Why can't we use the physical address instead of the logical address in IPv6, when the physical address is 48 bits and the logical address is 128 bits?
closed as not a real question by Cheekaleak, Zoredache, Michael Hampton♦, Iain Nov 7 '12 at 22:06
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Hardware (MAC) address prefixes are allocated on a per-vendor basis and that vendor may assign addresses within said prefixes however they see fit. There is also no guarantee that a given address is unique.
The result? There's no way to hierarchically summarize addresses. Worst case this yields a global routing table with some significant subset of 2^48 addresses. To put this in context, as of today the number of prefixes in the (IPv4) global routing table is just shy of 246,000 routes. That quarter million routes represents the summarization of hundreds of millions of individual host addresses.
IPv6, in contrast, is designed and allocated with the idea of hierarchical addressing. Lots of addresses means that subnets can be large, sparse and scalably allocated while still stemming the propagation of routes. Keep in mind that the /48 that's readily available as a basic unit of allocation is equivalent to 65K times the size of the entire IPv4 Internet. A well-summarized IPv6 Internet can accommodate literally trillions of end host addresses in a table the same size as- or smaller than- the current global table.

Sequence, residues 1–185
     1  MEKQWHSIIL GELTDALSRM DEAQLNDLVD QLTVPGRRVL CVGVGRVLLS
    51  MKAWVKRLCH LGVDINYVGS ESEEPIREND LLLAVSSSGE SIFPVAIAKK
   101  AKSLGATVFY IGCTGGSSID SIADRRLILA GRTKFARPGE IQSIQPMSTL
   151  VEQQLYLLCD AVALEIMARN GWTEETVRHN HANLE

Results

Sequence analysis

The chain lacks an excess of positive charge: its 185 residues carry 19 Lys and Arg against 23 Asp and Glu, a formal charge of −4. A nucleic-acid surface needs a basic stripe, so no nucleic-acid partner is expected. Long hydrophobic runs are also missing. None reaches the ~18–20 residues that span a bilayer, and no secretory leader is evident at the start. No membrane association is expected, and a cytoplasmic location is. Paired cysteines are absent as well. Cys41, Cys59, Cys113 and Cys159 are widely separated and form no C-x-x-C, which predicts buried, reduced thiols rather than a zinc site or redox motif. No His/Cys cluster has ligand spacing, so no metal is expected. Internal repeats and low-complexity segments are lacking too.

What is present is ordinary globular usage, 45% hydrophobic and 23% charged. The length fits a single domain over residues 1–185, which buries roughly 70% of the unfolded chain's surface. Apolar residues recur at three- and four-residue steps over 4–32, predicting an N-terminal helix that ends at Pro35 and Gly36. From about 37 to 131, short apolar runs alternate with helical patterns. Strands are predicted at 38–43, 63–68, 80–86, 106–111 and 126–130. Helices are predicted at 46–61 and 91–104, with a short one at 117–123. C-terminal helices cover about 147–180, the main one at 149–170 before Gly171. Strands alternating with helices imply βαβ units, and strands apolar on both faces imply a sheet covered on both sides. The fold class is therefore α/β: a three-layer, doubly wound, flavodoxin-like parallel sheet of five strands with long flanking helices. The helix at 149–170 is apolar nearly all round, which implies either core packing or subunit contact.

If by logical you mean an IP address, and by physical you mean a MAC address, it's simply beacause those are two different addresses which work with different protocols.
Lengths have nothing to do with it (even though ipv6 was introduced due to the fact that 2^32 ipv4 addresses were 'not enough').
To put in an analogy, consider an IP address an equivalent of a home address, and a MAC address an address on the bag the post office uses to transfer packages to other post offices.